Recently, I was exploring the availability of lockers close to my place of residence in Mumbai. What I noticed, across banks (I have visited mostly private sector banks, as public sector branches are old with absolutely no locker availability), was that, if one wants to have a locker in a private bank, there is no option but to purchase a ULIP (unit-linked insurance product) which is high-cost, illiquid and is mostly a wealth destroyer (minimum commitment of Rs1 lakh-Rs1.5 lakh per year for five to six years).
All banks tell you that there is a waiting list of 100+ customers but they can push your name and make the allotment immediately, if you make the investment that they are proposing (mostly ULIPs; one bank even proposed portfolio management services).
When I insisted on putting my name on the waiting list as mandated by RBI (Reserve Bank of India), none of the banks was willing to give in writing my waiting list number. The rot is so deep and widespread that, when I spoke to a few of my friends in the banking industry, they mentioned that they also cannot do much. For a majority of bank branches, lockers are a tool to achieve their fee-based income targets.
I wish, with RBI allowing NBFCs (non-banking finance companies) to provide locker services, this issue may be taken care of, to some extent. But it will happen only over a period. In fact, PNB (Punjab National Bank), despite being a PSU (public sector undertaking), allows the availability to be checked online on the following link: https://www.pnbindia.in/En/ui/LockerAvailability.aspx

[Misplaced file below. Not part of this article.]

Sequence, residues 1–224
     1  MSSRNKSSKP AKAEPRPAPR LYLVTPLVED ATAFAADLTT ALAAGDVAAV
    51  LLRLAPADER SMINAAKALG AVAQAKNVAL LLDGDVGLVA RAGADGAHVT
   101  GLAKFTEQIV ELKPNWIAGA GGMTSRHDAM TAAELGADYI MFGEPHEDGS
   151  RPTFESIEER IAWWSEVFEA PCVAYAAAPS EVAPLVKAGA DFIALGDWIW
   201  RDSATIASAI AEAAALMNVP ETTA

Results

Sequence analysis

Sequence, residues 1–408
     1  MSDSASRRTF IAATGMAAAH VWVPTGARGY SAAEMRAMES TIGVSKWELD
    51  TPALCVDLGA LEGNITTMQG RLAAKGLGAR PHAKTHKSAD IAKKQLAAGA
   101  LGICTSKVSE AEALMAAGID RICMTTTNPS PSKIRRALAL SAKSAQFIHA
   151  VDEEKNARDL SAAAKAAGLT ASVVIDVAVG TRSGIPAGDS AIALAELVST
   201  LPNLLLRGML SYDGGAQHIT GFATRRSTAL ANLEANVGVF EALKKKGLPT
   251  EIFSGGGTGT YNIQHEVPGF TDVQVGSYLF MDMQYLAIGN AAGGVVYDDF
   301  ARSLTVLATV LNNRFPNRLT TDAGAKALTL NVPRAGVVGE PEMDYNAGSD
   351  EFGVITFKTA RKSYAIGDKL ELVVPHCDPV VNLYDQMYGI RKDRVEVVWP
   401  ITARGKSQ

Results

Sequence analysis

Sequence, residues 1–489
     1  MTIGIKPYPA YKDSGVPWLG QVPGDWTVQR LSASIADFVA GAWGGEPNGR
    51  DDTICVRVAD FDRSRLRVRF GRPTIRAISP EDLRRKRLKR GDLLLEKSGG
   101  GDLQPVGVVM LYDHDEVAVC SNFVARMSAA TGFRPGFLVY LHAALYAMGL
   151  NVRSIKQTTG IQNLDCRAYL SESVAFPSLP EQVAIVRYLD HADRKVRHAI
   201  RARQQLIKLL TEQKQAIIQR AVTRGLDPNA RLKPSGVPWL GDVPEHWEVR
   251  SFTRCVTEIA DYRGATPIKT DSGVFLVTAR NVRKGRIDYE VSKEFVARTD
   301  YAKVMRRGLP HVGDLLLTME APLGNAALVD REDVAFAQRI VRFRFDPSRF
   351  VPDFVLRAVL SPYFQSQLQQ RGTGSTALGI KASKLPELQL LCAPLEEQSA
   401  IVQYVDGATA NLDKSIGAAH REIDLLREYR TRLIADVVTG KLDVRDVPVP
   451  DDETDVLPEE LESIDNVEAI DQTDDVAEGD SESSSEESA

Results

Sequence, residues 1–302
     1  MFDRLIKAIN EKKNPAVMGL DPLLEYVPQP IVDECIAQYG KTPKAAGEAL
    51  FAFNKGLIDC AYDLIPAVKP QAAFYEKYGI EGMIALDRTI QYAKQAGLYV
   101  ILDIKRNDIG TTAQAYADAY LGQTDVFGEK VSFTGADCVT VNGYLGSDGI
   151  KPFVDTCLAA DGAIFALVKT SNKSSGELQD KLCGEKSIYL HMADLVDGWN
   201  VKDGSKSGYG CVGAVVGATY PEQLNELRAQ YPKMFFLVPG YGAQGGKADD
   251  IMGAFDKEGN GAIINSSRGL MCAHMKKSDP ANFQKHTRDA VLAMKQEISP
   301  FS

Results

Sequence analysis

I hope, like the home loan pre-payment penalty, RBI makes it mandatory for all banks to display the availability in a transparent manner. If it has not been covered in the recent past, Moneylife
can cover this topic and get various banks to respond on it.
Shailendra Gavali, by email
Take the Team with him!
This is with regard to “Will the RBI Governor’s Letter Make a Difference?” by Sucheta Dalal. Purely from the angle of ethics in administration and management, it would have been prudent for the governor to retain his communication to the staff as an internal one and not a matter of public debate.
DN Ghosh, a doyen among bankers, next in stature to RK Talwar, knows pretty well that each central bank in the world has its internal learning processes and failings. Dr Raghuram Rajan would have done well to hold a series of roundtables among his staff, at different tiers, and to develop an iterative process to bring home to them the need to widen and deepen their knowledge and change attitudes. There are tools for continuous monitoring and, as an IIM (A) alumnus of international repute, he should be aware of these and adopt them. An internationally reputed icon among central bank governors and contemporary economists should have engineered the processes internally far better as he has to take the team with him.
B Yerram Raju, online comment
A Real Coup!
This is just a quick note to share how much I appreciate the insightful articles of R Balakrishnan. His article alone is worth the price of each issue and more; the rest is cream. Most of his articles are worth collecting for future reference. You may wish to consider publishing his most insightful articles into a book form. And, if you do that, do not forget to send me an autographed copy!